Its second movement is in the
opposite direction, line E, at a constant speed of 400 / 10 = 40 m/s.
(Strictly speaking, the line E
represents a speed of 40 m/s, because of the reversed direction.)
Note that object DE has travelled a
total distance of 800 m, BUT, its displacement is zero!
You get the speed from the gradient at any
given point on the graph, which is easy if the graph at that point is linear
(constant speed, like the three graphs above).
For example look at the linear portion
between the two purple 'blobs' on the righthand graph  that's a linear section
and easy to measure the gradient (speed).
If the graph is curved you will need to draw
a tangent to the curve at the point where you want to know the speed.
For example I've drawn a tangent at ~56
seconds and converted it to a purple triangle so you can measure the gradient 
see Q2.1 (c) below.
Q2.1 The
graph below shows part of a car journey.
Distance  time graph for a short car
journey
Interpretation question using speed =
distance / time
(a) Including calculating the average speed,
describe and explain the motion of the car between:
(i) 0 and 20 seconds?
speed increasing (acceleration)
because the gradient is steadily increasing
time interval = 20  0 = 20 s,
distance covered = 200  0 = 200 m
gradient = average speed = 200 / 20 =
10 m/s
(ii) 20 and 40 seconds?
gradient is constant, but NOT zero,
car moving at steady constant speed
time interval = 40  20 = 20 s,
distance covered = 600  200 = 400 m
gradient = constant speed = 400 / 20
= 20 m/s
(iii) 40 to 82 seconds?
gradient decreasing (deceleration),
gradient steadily decreasing
time interval = 82  40 = 42 s,
distance covered = 900  600 = 300 m
gradient = average speed = 300 / 42 =
7.14 m/s ( 1 dp, 3 sf)
(iv) 82 to 90 seconds?
At 82 seconds the gradient is zero,
graph line is flat, so car isn't moving  stationary from 82 to
90 s.
(b) What is the average speed of the car
while it is moving?
total time of journey (while moving) is
82 s.
Total distance covered until it stops =
900 m
average speed for journey = 900 / 82 =
10.8 m/s (1 dp, 3 sf)
(c) How can you find the specific speed of
the car at any point on the graph?
You can find the speed at any point on
the graph by drawing a tangent at that point on the graph.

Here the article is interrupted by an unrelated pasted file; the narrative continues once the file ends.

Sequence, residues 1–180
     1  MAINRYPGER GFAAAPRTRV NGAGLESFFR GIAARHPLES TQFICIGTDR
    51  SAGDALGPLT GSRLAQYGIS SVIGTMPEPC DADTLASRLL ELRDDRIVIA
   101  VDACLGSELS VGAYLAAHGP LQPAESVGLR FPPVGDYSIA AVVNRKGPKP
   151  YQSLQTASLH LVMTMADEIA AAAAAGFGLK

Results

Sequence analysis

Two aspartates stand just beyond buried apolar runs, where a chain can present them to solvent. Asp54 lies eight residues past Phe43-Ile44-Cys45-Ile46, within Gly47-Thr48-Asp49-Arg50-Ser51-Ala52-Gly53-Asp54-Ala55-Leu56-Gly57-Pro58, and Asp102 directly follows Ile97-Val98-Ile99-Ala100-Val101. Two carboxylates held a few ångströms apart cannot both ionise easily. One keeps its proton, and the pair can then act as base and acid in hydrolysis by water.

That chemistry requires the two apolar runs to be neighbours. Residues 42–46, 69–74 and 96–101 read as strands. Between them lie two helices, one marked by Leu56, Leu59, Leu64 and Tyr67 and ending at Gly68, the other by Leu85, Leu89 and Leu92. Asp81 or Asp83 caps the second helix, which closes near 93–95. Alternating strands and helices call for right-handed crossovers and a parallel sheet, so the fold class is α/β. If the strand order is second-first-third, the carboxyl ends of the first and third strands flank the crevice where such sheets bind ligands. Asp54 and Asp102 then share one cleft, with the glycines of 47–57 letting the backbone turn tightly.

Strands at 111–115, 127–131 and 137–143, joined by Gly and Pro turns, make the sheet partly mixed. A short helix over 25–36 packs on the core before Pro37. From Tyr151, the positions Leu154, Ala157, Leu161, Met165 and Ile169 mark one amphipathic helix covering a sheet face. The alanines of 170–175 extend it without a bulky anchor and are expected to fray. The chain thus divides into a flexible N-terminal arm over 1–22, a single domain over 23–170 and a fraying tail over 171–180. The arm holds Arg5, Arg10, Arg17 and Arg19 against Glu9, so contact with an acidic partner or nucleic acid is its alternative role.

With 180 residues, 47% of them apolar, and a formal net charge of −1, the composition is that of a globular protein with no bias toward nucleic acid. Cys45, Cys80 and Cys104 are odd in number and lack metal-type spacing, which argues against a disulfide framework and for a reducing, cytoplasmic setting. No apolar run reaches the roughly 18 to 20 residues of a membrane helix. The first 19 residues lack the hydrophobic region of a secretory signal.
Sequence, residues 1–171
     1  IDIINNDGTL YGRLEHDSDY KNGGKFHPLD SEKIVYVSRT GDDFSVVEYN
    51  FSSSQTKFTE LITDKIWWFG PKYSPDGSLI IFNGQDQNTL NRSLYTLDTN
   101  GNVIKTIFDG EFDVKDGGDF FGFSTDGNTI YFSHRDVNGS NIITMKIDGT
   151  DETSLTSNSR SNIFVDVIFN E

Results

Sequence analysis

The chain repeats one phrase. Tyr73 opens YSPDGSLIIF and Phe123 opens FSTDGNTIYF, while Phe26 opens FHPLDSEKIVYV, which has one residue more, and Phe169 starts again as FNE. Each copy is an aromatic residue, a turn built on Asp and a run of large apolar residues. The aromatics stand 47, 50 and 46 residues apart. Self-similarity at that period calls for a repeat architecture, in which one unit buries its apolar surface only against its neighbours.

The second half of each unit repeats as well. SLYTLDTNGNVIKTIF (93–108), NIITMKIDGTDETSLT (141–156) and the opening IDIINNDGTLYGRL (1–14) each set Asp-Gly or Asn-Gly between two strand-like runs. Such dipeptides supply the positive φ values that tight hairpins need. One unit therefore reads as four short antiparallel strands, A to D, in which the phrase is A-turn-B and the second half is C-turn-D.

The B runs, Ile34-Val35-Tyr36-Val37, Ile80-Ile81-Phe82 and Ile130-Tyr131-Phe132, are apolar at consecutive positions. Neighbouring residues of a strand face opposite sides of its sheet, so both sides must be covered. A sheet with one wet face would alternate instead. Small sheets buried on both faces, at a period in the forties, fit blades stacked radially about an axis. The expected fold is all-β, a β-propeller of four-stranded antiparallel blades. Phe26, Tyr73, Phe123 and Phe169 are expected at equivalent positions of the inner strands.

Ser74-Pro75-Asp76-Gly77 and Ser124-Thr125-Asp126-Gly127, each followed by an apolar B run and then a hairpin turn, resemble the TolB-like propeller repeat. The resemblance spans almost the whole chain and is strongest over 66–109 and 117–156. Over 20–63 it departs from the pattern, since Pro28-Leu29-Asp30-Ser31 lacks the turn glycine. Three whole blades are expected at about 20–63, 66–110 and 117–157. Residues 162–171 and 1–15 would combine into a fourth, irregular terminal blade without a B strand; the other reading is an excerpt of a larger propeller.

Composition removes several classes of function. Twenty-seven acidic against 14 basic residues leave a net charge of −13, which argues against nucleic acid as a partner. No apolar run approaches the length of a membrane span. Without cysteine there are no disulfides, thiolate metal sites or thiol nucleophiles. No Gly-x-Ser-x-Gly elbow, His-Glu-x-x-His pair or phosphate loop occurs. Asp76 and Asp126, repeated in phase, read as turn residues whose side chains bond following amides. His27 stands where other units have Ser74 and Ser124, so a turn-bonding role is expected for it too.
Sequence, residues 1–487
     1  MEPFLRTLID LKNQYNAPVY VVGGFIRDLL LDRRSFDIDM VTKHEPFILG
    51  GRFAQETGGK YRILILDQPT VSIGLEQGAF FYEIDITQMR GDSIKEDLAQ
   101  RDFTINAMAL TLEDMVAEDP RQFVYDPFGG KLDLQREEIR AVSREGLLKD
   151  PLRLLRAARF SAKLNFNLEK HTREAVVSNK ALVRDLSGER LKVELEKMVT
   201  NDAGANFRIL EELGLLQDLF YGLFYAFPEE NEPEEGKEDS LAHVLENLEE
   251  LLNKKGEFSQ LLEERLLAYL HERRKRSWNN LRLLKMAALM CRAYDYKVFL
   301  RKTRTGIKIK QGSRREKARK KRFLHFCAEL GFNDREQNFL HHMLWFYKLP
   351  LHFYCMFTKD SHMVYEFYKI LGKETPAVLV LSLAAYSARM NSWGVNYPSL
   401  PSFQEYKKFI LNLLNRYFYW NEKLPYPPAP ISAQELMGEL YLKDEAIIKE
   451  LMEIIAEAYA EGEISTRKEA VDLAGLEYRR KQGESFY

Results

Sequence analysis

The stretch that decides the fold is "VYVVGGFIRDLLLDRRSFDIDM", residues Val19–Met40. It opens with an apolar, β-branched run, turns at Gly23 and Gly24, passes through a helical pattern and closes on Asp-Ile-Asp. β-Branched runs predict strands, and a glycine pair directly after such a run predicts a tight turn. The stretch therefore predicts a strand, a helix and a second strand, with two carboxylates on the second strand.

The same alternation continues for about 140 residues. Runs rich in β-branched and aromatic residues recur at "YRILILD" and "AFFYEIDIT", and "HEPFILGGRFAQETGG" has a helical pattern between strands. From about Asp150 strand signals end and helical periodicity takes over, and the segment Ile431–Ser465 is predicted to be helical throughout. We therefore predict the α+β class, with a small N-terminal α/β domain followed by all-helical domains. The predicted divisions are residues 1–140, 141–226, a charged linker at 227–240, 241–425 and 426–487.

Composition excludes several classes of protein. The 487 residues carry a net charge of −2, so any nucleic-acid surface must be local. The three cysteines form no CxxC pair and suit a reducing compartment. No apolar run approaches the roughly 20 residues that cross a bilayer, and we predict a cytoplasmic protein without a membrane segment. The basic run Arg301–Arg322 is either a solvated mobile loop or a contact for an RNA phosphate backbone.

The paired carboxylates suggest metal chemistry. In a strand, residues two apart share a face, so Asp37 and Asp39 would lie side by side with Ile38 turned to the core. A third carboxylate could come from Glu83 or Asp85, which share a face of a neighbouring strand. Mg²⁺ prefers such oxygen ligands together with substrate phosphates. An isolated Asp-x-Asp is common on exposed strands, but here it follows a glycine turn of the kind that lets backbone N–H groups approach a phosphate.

No tangent is needed if the graph line is
linear, but you need to draw a tangent for any point on the curved sections
of a speed/velocitytime graph.
e.g. what is the speed of car at 56
seconds?
same
graph as above but tangent drawn on at 56 seconds.
You convert the purple tangent line into
a triangle so you read of the distance travelled (vertical y axis) and the
time taken (horizontal x axis) and then calculate the gradient from the two
dimensions of the triangle, which is the gradient at the point you are
interested in.
xaxis: time Δt = 80  16 = 64 s (easy),
yaxis: distance Δd = 1000  480 (watch the scale!) = 520 m
speed = distance / time taken = Δd/Δt = 520 /
64 = 8.1 m/s (to
2 s.f.)
Q2.2 The graph below summarises part of the journey of a train
(somewhat delayed at some point!).
Interpretation question using speed =
distance / time and giving your answers in km/hour and m/s
(a) What is the average speed between 1300
and 1400 hours?
time interval = 1 hour, distance
travelled = 100  0 = 100 km
average speed = 100/1 =
100 km/hour
1 km = 1000 m, 1 hour = 3600 s, average
speed = 100 x 1000 / 3600 = 27.8
m/s (1 dp, 3 sf)
(b) What is the average speed between 1530
and 1800 hours?
time interval = 2.5 hours, distance
travelled = 250  100 = 150 km
average speed = 150/2.5 =
60 km/hour
1 km = 1000 m, 1 hour = 3600 s, average
speed = 60 x 1000 / 3600 = 16.7
m/s (1 dp, 3 sf)
(c) How long was the train stopped for?
from 1400 to 1530 hours,
1.5 hours.
(d) What was the average speed for the whole
journey?
total time from 1300 to 1800 hours = 5
hours, total distance travelled = 250 km
average speed = 250/5 =
50 km/hour
1 km = 1000 m, 1 hour = 3600 s, average
speed = 50 x 1000 / 3600 = 13.9
m/s (1 dp, 3 sf)
Velocity  Time graphs and acceleration are dealt with in
detail in section 2